Other safety equipment additions have included the installation at various crossings of swing gates, pedestrian gates, train-activated “No Left Turn” signs, median islands and additional warning lights. The MTA also has tested the ARC (Alternating Rail Crossing) light system to determine whether the alternating flash of a train’s headlights increases the visibility of the train.
Nearly 50 percent of all train vs. vehicle accidents are the result of illegal left turns on the “street running” segments of the Metro Blue Line alignment in central Los Angeles and Long Beach where Metro Blue Line trains operate on city streets as opposed to the exclusive right-of-way found in the mid (“cab signal”) segment of the alignment.
In an effort to eliminate any potential confusion on the part of motorists intending to make left turns at crossings in the Los Angeles “street running” segment on Flower Street and Washington Boulevard, the MTA has relocated and redesigned the “T” signals which provide instructions to train operators.
The MTA also is nearing operation of 39 active fibre optic “Train” warning signs in this segment. Future plans call for the installation of such signs in the Long Beach “street running” segment.
The MTA has found the use of photo enforcement cameras at selected crossings has resulted in a dramatic reduction in the number of vehicular grade crossing violations. Currently, 10 cameras are rotated among 17 locations. As a result of their success, the MTA soon will install an additional six cameras at six locations in the Los Angeles street running segment.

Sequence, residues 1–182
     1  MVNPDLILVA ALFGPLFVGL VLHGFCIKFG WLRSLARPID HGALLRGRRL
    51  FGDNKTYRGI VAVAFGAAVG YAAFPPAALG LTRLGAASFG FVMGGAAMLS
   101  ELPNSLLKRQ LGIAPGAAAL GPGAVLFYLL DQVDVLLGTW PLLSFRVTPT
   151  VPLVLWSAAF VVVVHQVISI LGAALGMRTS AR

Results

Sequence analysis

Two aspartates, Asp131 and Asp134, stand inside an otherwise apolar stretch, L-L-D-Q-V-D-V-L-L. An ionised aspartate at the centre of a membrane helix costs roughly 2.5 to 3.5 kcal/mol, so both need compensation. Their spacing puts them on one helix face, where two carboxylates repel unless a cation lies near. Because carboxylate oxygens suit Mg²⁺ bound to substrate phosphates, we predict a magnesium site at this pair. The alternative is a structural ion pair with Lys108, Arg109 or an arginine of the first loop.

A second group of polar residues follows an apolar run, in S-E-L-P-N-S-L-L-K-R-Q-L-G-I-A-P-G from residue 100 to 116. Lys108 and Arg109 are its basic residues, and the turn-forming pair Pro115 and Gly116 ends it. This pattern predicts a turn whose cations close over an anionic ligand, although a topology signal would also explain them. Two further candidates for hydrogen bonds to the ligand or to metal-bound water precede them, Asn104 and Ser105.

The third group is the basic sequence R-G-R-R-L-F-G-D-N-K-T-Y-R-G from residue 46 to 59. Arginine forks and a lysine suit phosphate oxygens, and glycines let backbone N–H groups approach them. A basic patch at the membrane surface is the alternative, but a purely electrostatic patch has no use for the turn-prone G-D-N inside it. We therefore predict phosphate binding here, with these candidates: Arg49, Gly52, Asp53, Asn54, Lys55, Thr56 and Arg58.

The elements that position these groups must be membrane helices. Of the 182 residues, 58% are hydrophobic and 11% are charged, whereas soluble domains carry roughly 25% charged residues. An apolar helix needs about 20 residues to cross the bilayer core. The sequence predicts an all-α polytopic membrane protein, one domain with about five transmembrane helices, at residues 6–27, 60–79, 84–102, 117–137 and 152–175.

The MTA has been engaged in an ongoing community outreach program aimed at reducing the number of accidents. The program includes visits by MTA Public Affairs staff to safety fairs, schools, housing association and community group meetings, as well as door-to-door contact with residents along the alignment.
In addition, bilingual safety banners and billboards have been positioned along the alignment, signs have been posted on trains, and brochures have been distributed.
Law enforcement plays a significant role in the MTA’s efforts to promote safety on the Metro Blue Line alignment. Formed two years ago, the eight-member Sheriff’s Motorcycle Team assigned to MTA’s Transit Services Bureau patrols the alignment, acts as a visual deterrent and cites grade crossing violators.
MTA sponsored legislation, effective January 1, 2000, which raised the fine for illegal crossings by vehicles to $271. In addition, the MTA spearheaded efforts to have a section on grade crossing safety included in the DMV California Drivers Handbook and questions regarding grade crossing safety to be included in the statewide written license test for new and renewing drivers.
Since the MTA began service on the Metro Blue Line in July, 1990, 54 people have died in train vs. vehicle and train vs. pedestrian accidents. In calendar year 2000, such accidents have resulted in one fatality.
“Our efforts are aimed at encouraging people to do the right thing when they approach the Metro Blue Line tracks,” said Allan Lipsky, MTA chief operating officer. “The MTA continues to seek innovative ways, both through technology and person to person contact, to achieve that end.”